Today is International Archives Day where everyone involved in preserving archives, records, data – whatever your take – celebrates the work that is happening worldwide to ensure the preservation of our memory and heritage and the protection of our rights by documenting decisions and building the foundations for good governance.
I was lucky enough to have two days in London last week to attend two separate but linked events: the first was a Jisc sponsored workshop on Digital Appraisal and the second an Archivematica UK User group meet up. It was a nice balance of activities, Day One was around the theory of how we decide what to keep or what to throw away and Day Two was about sharing experiences of using Archivematica – a digital preservation tool which can potentially help us with aspects of this.
We recently held our fifth Data Conversations here at Lancaster University Library. These events bring researchers together and act as a forum to share their experiences of using and sharing data. The vibe’s informal and we provide our attendees with complementary coffee, cake and pizza…
International Digital Preservation Day 30th November 2017 #IDPD2017
What’s that about then?
Digital Archivists are a much misunderstood lot.
A lot of people think our work on digital preservation must be something to do with digitising old documents but this is absolutely not the case. Of course digitising old documents is fantastic and the wonderful resources which are now increasingly available on the internet like (and there are so many examples these are just some of my favourite ones) Charles Booth’s London or the Cambridge Digital Library . There are thousands and thousands useful for scholars, historians, students, teachers, genealogists, journalists – well just about anyone really who is interested in getting access to sources that would otherwise be near impossible to access. Digitising archive and library content has revolutionised the way we access and interact with archives, manuscripts and special collections.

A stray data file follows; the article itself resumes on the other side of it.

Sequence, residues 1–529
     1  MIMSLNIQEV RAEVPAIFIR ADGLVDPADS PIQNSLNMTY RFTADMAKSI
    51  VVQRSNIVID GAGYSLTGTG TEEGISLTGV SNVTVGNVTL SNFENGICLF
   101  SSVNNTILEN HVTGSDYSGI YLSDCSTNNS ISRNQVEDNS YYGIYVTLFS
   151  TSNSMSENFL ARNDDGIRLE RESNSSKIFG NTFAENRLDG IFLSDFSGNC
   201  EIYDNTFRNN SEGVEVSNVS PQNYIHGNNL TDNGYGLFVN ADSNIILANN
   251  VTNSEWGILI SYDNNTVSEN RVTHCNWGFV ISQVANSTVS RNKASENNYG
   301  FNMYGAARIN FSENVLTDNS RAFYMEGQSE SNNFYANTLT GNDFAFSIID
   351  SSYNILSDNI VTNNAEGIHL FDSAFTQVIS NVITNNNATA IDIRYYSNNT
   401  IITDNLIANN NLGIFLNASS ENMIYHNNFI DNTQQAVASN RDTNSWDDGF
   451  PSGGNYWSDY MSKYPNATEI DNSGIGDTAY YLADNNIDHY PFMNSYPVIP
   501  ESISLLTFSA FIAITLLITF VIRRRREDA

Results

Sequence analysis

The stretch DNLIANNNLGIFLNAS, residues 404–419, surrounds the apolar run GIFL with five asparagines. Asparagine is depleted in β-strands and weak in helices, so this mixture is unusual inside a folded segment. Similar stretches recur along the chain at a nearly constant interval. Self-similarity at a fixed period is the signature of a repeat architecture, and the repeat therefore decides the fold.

We had the opportunity to discuss research data issues surrounding their project. It turned out to be a highly interesting conversation on topics such as confidentiality, the limits of anonymisation, legal frameworks and the freedom of speech.
We had our third Data Conversation here at Lancaster University again with the aim of bringing together researchers to share their data stories and discuss issues and exchange ideas in a friendly and informal setting.
It was fantastic to see PASIG 2017 (Preservation and Archives Special Interest Group) come to Oxford this year which meant I had the privilege of attending this prestigious international conference in the beautiful surroundings of Oxford’s Natural History Museum. All slides and presentations are available here.